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Thread: Zinc Anode in a Salt Pool to prevent heater erosion?

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    Join Date
    Jun 2008
    Thornton, PA

    Zinc Anode in a Salt Pool to prevent heater erosion?


    Just dropped by a local pool store, to pickup CYA. It was not my normal pool store, but it was on the way. So I get chatting with the shop owner and he starts talking about how salt pools are now being implicated in heater erosion issues. He says he's just started installing Zinc Anodes in the pump system somewhere to reduce the erosion associated with the salt. Further, he said it would cost me a mere $200.00 to have such a thing installed, including wiring it to the box, on my pool. I do know that my boat motor has a sacrificial anode on it, for use in salt water, and that it's purpose is to prevent erosion of the metal on the motor.

    I'd appreciate any input any of you had as to whether this would be good/ bad for the water (as I'm nearly certain that the design principles of the boat anode were not focusing on water quality). Also, does it need to be wired to the electric box? Are they a good idea/ bad idea, not worth it? can the same thing be done by just dropping a hunk of zinc in a skimmer basket?

    As always, input is greatly appreciated.


    28K Gal. 802 Sq Ft., Free Form, IG, Gunnite with Midnight Maui Hydrazzo Carlton Pool. Exposed Aggregate Decking. Jandy DE Filter, 1.5 HP Jandy Pump, SWCG. Zodiac 380 pressure-side cleaner. Completed Construction: May 2008.

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    JasonLion's Avatar
    Join Date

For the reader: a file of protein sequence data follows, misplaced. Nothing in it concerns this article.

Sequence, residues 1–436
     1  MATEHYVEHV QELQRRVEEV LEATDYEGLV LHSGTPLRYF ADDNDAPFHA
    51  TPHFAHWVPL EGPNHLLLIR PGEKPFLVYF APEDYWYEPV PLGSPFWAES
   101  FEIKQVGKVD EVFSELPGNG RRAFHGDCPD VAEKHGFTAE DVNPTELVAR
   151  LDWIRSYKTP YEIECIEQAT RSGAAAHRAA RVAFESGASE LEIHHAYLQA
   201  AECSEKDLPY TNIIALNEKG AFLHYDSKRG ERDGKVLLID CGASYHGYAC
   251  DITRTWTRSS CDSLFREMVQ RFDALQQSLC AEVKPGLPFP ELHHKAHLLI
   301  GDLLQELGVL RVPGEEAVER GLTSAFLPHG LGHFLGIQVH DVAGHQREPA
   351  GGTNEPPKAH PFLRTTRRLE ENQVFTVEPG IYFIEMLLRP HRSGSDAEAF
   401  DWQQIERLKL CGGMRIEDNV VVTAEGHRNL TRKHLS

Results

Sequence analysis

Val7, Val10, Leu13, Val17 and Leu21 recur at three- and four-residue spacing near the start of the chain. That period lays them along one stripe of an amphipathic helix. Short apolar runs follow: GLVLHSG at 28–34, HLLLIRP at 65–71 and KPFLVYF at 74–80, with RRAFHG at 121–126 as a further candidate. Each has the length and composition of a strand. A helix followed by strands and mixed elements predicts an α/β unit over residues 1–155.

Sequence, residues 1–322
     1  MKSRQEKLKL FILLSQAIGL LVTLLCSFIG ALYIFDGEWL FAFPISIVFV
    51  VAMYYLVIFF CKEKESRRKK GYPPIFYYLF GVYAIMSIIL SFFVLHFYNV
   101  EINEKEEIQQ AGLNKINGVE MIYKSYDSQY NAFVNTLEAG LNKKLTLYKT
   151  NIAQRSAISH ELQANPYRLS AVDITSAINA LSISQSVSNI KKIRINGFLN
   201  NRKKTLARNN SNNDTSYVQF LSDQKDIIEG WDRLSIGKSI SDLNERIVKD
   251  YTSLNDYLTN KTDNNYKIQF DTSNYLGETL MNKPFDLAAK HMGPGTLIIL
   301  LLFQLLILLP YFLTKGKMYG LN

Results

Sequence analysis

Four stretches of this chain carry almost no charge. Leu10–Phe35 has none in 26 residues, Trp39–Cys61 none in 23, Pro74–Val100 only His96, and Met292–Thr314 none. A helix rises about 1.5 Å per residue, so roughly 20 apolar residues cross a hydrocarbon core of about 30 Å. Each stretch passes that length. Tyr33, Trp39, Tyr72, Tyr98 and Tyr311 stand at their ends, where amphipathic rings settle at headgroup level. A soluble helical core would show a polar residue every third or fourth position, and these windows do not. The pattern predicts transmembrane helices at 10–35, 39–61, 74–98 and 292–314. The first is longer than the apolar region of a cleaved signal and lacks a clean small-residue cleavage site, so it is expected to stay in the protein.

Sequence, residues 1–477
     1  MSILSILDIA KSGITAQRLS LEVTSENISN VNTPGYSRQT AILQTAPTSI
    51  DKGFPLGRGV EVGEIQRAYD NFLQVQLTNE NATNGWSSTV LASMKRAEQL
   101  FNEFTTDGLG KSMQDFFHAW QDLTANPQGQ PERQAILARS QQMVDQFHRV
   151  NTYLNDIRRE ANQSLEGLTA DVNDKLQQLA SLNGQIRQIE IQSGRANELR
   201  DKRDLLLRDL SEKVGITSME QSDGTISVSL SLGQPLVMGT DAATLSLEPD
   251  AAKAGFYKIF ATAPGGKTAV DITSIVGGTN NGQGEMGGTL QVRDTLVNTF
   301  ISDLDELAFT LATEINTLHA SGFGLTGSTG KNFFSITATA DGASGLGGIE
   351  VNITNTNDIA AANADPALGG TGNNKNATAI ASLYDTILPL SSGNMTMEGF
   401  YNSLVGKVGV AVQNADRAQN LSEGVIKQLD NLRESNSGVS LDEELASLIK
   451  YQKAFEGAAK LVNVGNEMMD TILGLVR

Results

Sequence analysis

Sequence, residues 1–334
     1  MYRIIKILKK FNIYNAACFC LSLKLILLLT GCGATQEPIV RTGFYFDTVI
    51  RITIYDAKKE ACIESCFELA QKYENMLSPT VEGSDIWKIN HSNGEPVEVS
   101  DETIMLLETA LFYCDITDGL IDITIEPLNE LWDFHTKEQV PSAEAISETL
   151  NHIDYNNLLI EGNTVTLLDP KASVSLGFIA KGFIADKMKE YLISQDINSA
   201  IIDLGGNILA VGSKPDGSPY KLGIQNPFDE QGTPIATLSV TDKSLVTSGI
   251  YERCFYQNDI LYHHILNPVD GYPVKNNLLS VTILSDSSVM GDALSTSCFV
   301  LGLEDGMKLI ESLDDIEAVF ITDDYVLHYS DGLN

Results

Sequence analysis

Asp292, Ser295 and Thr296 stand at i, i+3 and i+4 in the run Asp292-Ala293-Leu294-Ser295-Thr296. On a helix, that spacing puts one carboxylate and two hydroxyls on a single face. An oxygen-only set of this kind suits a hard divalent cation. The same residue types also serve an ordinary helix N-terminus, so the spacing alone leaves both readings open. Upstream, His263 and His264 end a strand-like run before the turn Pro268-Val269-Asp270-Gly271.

May 2007
    Silver Spring, MD

    Re: Zinc Anode in a Salt Pool to prevent heater erosion?

    An anode gets wired to the bonding system and buried in the ground. They don't seem to make much difference. Maintaining proper PH levels is far more important for the life of the heater than the difference having an anode makes.
    19K gal, vinyl, 1/2 HP WhisperFlo pump, 200 sqft cartridge filter, AutoPilot Digital SWG, Dolphin Dynamic cleaning robot
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  3. Back To Top    #3

    Join Date
    Mar 2007
    San Rafael, CA USA

    Re: Zinc Anode in a Salt Pool to prevent heater erosion?

    It would need to be wired electrically to the same bonding wire connected to the copper heat exchanger in the gas heater. You should also make sure there is no aluminum connected to that same bonding wire (if there is, then the sacrificial anode should be magnesium, not zinc [EDIT] actually, zinc is OK to protect aluminum as well based on the galvanic series, not just the standard reduction potential [END-EDIT] ). It won't cause harm, but it may not be needed. The higher salt level is more conductive and corrosive, but as to whether it will affect your heater depends on many factors including typical pool pH. If the heater uses titanium or cupro-nickel alloy materials, then there is no need for the extra protection for the heater. The plus for using an anode is that it will also help protect everything else connected to the bonding wire including stainless steel.

    Usually, the problems we've seen in higher salt level pools have been with those pools not using CYA and at higher chlorine levels, but that was pretty extreme corrosion of stainless steel in less than a year. We've also seen problems on aluminum tracks/rails for automatic pool covers from salt water splash-out.

    This seems pretty pricey for a block of zinc so I suspect most of the cost is the labor and this sounds like something you could probably do yourself if you wanted to. The sacrificial anode is often buried in moist soil.

    Do note that most people with SWG pools do not use sacrificial anodes and most do not report corrosion problems. It's a matter of increased risk so if you were on the edge (for other reasons) then it might be worth it; otherwise, it wouldn't hurt but might not help in a noticeable way.
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